How do I go from software contractor to service provider?
December 10, 2020 3:28 AM   Subscribe

I've been in software development for twenty years. Both my degrees are in it, and I've got a bucketload of experience covering distributed systems, cloud, fintech, bioinformatics. But I'm tired of working for other companies and I would love to build a bespoke software development company that reflects my core values. How do I go from here to there?

I've been a contractor for five years now, and I've worked with a bunch of different teams. On some teams I've not been in a position of influence, in others I've been the de facto lead dev, on one or two I've been technical architect as well as team lead.

It's gotten to the point now that, although I enjoy the new challenges that contracting brings every six to twelve months, I'm enjoying the new teams less and less. Yes, I love bootstrapping a team: getting them all on the same page, with the same standards and the same ethos. There are teams that I've left behind who to this day will cite processes that I put - or helped put - in place as the reason that they do their jobs as well as they do.

But I dislike coming into a new team and having to fight with other people whose standards don't align with my own. There's a lot of sloppy coders out there; people who don't think that software should be unit tested, or who will happily copy and paste instead of encouraging code re-use.

I would love for 2021 be the year that I build a team to solve other people's problems. A team (and a company) that's built around the core values I -- and the best devs that I've worked with -- hold as software engineers: pragmatism coupled with personal and team responsibility; robustness coupled with performance; QA as a first-order part of the team instead of a separate team to which things get handed off later on down the line.

I've been running a successful but small one-man business for these last 5 years. I'm good at my job and I've got a decent head for business administration, but I suck at marketing and I don't know where to start building a company out from where I am now to where I want to be.

So, MeFites who've done similar to what I want to do, how did you do it?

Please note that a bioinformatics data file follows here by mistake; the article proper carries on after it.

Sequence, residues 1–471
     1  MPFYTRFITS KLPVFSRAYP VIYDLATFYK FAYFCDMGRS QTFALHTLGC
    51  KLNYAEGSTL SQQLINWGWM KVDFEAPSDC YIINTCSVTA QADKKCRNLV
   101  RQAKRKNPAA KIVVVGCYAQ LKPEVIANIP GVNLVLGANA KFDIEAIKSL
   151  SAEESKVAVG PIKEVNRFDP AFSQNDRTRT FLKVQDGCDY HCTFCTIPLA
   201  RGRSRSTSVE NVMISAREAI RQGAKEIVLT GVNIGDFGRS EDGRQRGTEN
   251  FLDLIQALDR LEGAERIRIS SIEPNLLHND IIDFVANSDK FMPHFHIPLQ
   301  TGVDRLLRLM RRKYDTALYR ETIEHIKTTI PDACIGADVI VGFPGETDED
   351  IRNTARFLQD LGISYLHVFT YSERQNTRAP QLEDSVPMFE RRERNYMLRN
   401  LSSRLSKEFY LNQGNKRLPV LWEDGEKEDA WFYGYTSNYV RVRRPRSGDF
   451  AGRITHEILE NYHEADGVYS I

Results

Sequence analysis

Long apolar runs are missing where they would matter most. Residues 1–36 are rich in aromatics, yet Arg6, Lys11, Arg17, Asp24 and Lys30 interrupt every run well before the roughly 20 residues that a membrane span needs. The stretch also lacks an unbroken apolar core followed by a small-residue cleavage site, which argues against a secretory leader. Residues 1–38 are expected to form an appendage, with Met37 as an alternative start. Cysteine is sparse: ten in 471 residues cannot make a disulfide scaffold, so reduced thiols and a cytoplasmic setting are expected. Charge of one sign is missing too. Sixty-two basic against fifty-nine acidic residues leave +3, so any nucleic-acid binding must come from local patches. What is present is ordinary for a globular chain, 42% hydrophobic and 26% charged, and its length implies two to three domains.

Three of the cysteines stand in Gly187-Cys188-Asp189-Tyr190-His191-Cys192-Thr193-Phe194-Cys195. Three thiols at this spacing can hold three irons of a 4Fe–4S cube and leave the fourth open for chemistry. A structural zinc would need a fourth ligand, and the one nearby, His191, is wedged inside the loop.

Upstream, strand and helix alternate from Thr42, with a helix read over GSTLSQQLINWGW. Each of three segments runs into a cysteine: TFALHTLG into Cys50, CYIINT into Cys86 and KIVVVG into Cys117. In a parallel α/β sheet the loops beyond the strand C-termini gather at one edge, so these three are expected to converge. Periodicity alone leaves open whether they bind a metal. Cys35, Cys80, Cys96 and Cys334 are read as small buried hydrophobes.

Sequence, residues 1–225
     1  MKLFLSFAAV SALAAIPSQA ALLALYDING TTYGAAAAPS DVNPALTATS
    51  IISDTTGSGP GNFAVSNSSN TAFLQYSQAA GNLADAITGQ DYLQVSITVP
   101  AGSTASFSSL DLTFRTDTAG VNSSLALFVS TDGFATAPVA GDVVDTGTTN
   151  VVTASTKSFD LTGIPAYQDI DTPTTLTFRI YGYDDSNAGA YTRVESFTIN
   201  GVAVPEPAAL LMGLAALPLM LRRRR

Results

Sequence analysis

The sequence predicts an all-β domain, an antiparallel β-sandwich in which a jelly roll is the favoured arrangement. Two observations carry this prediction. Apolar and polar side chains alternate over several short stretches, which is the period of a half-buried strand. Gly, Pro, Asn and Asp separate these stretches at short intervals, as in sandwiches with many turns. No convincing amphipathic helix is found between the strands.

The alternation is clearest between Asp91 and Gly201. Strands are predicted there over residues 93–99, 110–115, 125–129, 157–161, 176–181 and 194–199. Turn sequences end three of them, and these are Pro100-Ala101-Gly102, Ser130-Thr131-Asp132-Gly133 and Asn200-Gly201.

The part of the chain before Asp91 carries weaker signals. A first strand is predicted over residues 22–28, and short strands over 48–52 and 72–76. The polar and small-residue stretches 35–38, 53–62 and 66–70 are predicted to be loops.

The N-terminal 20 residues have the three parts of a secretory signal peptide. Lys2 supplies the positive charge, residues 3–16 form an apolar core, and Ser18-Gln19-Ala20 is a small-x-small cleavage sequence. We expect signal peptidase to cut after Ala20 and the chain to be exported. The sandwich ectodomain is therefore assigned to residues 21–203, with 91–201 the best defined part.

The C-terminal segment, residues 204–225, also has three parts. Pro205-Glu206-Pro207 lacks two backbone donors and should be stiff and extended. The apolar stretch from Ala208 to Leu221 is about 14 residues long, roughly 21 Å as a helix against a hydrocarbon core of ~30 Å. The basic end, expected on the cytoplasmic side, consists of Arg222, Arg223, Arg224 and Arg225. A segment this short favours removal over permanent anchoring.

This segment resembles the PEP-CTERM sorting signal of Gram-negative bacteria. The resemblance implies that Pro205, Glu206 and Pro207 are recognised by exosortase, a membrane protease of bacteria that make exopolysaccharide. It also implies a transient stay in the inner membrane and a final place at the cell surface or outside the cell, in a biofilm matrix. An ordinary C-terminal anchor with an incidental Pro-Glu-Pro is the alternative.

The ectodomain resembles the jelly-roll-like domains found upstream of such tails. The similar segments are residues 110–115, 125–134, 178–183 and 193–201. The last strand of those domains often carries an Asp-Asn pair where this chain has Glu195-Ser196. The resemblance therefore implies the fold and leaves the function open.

How do I
  • Start finding development work that's more provision-of-service than contractor-focussed
  • Start turning that into work for which I need a team
  • Start building that team
What are the questions I need to be asking? What is the knowledge that I don't know I need to know yet? Am I barking entirely up the wrong tree?
posted by gmb to Work & Money (2 answers total) 4 users marked this as a favorite
 
I think it's true for any field, not necessarily only software, but i would say, think long and hard about what it is you would love to spend your time on.
I've been running my own business for 15 years. From my own experience, the daily reality of business ownership is that i work ON the business, but not FOR the business. I.e. i'd be very surprised if you still end up having time to still code yourself if you start your own software team.

My advice to you would be to interview people who actually own the type of software firms you'd like to have, and see what their daily responsibilities are. Unless you work in a field where there's no competition, then marketing and client relationships management is a huge part of owning a business. Next to all the other fun stuff like administration, HR etc... You can only hire and maintain a team if you also bring in enough clients to keep them busy.
Good luck!
posted by PardonMyFrench at 7:24 AM on December 10, 2020 [1 favorite]


This trope is flippant but the grit of its pearl seems decent:
1. Find some customers who want more work than you've got time to do.
2. Find some partners who want to work in the same way you do (and those are great goals, nice one).
3. ??? (but this should be obvious: herd cats cash flows)
4. Profit!

Focusing on earning and keeping a good reputation plus working only with effective team-members who want to keep working with you make for two compelling differentiating factors over other software teams.

Your marketing might choose to focus on having past customers request you again and refer you to their friends. Your hiring migt also focus on past partners and having colleagues suggest people they know and for-whom they are willing to vouch. Do you have people you've worked with in the past who you could call on today?
posted by k3ninho at 8:37 AM on December 10, 2020 [1 favorite]


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